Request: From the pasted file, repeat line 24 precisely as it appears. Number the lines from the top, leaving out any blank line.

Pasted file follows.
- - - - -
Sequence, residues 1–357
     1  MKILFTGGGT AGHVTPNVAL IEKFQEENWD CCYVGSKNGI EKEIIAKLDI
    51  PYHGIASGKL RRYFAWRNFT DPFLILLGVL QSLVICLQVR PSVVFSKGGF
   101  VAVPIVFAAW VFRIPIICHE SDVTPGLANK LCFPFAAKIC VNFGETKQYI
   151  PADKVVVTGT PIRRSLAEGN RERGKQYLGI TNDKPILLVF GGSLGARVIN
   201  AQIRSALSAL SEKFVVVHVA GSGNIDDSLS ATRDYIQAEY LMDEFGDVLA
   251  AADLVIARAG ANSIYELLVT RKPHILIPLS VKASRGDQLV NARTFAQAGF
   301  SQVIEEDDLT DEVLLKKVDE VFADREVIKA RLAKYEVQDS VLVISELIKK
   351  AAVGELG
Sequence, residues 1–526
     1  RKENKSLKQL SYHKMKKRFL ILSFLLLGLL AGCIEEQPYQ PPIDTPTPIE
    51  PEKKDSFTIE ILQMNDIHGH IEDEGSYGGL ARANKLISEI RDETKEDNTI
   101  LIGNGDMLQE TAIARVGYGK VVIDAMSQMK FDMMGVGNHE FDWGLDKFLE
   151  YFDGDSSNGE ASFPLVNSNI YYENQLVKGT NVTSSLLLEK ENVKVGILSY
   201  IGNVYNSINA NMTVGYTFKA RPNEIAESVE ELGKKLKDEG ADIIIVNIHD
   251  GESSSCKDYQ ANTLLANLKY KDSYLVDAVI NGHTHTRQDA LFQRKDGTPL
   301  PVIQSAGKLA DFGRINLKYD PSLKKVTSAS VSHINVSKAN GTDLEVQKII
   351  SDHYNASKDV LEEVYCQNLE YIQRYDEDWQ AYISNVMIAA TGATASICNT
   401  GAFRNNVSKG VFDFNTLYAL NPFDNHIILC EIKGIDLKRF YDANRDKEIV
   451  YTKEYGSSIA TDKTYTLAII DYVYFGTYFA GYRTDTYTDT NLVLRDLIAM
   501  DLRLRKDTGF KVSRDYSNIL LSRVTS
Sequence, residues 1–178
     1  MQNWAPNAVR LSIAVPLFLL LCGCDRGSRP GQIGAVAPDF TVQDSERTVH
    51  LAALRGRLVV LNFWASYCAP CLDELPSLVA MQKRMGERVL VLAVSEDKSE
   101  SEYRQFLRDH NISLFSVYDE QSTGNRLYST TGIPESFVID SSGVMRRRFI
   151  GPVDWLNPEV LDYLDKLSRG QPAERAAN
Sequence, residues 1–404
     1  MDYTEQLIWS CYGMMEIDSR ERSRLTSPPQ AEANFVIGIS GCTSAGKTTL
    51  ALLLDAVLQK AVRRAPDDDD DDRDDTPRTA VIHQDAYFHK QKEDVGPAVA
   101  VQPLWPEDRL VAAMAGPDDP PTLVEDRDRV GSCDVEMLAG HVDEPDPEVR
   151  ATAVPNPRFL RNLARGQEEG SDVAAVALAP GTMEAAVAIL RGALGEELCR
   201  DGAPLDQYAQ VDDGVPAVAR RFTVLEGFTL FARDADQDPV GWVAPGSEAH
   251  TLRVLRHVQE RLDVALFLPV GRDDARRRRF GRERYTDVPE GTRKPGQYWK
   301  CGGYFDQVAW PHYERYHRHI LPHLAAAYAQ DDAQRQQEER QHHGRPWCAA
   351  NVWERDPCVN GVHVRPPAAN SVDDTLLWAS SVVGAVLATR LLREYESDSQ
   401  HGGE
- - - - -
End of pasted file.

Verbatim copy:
    51  LAALRGRLVV LNFWASYCAP CLDELPSLVA MQKRMGERVL VLAVSEDKSE